As Dr Pixie McKenna told this newspaper last month, with the capacity to exchange explicit texts and photographs, access to porn and one-night stands at the push of a button, Ireland is now in “the Celtic Tiger of sex”. When it comes to safety and education we are “overwhelmed, under-resourced and probably heading for a crash,” she says.

The shiny-plastic-object-in-the-orifice syndrome and the substitution of intimacy with a sexual takeaway menu – number 47 and we’d like basmati with that, organic obviously – are for another day. But for now, we could look at the rise of delusional parenting.

In one reality, we’re infantilising our 20-something children, supporting them through their third master’s, with their washing pristine, wine in the cupboard, beer in the fridge and their dinner on the table, to the mantra of ‘sure they’re kids, what else can we do’.

In a concomitant reality, we’re abandoning our young teens, even pre-teens, to extreme sexual and physical violence, relentlessly available on their own and others’ technology, and to the same refrain.

While we are mollycoddling our adult offspring, it’s worth remembering that Marco Polo started out on the Silk Road when he was 17; Alexander the Great had conquered Persia by 25; rebels Con Colbert, Joseph Plunkett and Sean Heuston were in their 20s when they were executed. At the time of the Rising, insurgent and workers’-rights activist Rosie Hackett was 24. If Commandant Ned Daly (25) was wandering across Stephen’s Green, it wasn’t because he had been disgorged by Coppers.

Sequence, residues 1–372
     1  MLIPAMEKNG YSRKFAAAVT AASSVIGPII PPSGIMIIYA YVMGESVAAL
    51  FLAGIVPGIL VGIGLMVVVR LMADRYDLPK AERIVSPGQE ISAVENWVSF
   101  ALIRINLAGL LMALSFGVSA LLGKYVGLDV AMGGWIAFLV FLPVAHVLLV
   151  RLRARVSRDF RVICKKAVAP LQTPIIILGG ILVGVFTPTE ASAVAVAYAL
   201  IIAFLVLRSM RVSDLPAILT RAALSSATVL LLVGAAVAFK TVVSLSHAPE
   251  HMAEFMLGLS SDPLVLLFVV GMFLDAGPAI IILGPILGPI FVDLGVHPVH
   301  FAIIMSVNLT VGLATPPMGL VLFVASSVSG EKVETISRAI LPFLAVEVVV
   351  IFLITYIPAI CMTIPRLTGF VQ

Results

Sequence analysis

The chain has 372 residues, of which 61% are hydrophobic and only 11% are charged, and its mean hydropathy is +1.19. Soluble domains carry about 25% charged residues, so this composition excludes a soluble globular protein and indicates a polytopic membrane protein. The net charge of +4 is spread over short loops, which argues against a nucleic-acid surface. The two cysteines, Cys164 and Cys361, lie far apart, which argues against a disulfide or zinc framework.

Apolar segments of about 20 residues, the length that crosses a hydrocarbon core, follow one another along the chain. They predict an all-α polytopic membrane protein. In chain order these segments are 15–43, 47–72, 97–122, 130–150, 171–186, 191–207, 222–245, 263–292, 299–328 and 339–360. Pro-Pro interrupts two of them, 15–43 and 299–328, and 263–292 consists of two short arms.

On the Somme, 100 years ago yesterday, the Germans launched operation Schleswig-Holstein with an assault on Vimy Ridge. Over four hours, in Allied trenches, 15-year-olds pretending to be 18, were pounded by 70,000 German shells. Xbox ultimate.

Still, we have reasons to be cheerful. A century on, with the supposed wisdom of age, we’re leaving it later to tie the knot.

According to the CSO, the 2014 average age for a bride and groom was 33 and 35 respectively. In 1977, it was 24 and 26. It was only five years earlier that the 1972 act declared marriages, where either party was under 16, to be invalid in law.

It is preposterous to us now, that having danced to a DJ last night, the fragile hordes who descended on Wesley disco, would be fighting to book him or her for their upcoming nuptials. That said, there are probably a few mothers who would love – for one night only – to tell an exasperating 17-year-old who detests them, himself, the world, light, air and the texture of salmon: “I’ve had enough of you, sunshine. Take yourself off to your missus!”

I know I’m learning more from my 19-year-old than I ever taught him, though information on using Lukla’s Tenzing-Hillary airport he can keep to himself. The most dangerous airstrip in the world, only 1,500 feet long with a 9,000ft drop into Nepalese space at the end. “It’ll be great. These guys really know how to fly. Calm down.”

Calm? I’m positively Zen. I’ve already paid a thug in Kathmandu to set upon him and break his legs. Never too old to be grounded.

This post is from here